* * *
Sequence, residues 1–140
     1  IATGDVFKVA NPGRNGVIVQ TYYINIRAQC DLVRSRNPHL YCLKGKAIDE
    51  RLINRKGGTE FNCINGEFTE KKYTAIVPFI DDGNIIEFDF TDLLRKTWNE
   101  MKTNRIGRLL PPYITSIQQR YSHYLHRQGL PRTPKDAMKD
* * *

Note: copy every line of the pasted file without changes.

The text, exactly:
Sequence, residues 1–140
     1  IATGDVFKVA NPGRNGVIVQ TYYINIRAQC DLVRSRNPHL YCLKGKAIDE
    51  RLINRKGGTE FNCINGEFTE KKYTAIVPFI DDGNIIEFDF TDLLRKTWNE
   101  MKTNRIGRLL PPYITSIQQR YSHYLHRQGL PRTPKDAMKD